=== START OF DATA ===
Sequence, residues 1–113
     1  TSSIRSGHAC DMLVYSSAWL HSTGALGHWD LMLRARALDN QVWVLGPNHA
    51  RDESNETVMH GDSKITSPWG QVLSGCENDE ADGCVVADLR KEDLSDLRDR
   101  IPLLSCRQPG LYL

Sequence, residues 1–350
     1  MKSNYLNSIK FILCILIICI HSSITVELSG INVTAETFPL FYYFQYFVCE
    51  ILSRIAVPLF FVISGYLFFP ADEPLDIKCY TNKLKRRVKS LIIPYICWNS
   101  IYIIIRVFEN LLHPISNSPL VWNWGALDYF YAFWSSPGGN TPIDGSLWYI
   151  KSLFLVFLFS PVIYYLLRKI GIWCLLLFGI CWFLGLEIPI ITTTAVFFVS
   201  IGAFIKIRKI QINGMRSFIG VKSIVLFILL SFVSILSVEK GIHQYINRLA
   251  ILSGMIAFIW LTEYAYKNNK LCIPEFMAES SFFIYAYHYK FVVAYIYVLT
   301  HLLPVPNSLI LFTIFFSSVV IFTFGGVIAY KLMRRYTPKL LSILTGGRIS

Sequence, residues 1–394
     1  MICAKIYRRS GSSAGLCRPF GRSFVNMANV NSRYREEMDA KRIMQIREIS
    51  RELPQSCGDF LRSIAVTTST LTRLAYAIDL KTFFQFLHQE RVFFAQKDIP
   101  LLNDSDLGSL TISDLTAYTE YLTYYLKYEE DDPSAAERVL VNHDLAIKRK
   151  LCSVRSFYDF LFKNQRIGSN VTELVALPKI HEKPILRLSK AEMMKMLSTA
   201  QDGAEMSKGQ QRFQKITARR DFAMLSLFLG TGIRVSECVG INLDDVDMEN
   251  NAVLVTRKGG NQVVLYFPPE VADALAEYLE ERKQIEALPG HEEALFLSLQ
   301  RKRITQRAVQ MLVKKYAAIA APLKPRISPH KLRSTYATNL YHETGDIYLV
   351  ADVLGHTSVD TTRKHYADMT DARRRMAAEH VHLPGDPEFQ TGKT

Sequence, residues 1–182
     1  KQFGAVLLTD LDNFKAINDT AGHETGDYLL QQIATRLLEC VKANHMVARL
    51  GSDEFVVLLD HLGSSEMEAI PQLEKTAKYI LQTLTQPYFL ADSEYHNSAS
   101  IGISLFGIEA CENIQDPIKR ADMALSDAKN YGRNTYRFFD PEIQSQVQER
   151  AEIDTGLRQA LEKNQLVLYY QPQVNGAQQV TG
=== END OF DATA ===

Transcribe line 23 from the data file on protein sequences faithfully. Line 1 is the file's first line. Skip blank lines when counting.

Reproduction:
     1  KQFGAVLLTD LDNFKAINDT AGHETGDYLL QQIATRLLEC VKANHMVARL